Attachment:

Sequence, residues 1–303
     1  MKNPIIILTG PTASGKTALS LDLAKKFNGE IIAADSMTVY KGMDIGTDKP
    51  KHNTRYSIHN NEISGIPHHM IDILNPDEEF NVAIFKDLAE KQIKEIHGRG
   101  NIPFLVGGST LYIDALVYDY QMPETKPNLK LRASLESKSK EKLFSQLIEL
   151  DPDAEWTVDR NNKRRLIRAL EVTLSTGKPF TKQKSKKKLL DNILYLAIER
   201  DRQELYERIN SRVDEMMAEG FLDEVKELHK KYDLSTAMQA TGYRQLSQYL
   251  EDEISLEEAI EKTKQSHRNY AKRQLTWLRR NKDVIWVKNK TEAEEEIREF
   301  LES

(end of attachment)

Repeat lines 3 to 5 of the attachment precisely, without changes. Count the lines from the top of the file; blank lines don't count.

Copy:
    51  KHNTRYSIHN NEISGIPHHM IDILNPDEEF NVAIFKDLAE KQIKEIHGRG
   101  NIPFLVGGST LYIDALVYDY QMPETKPNLK LRASLESKSK EKLFSQLIEL
   151  DPDAEWTVDR NNKRRLIRAL EVTLSTGKPF TKQKSKKKLL DNILYLAIER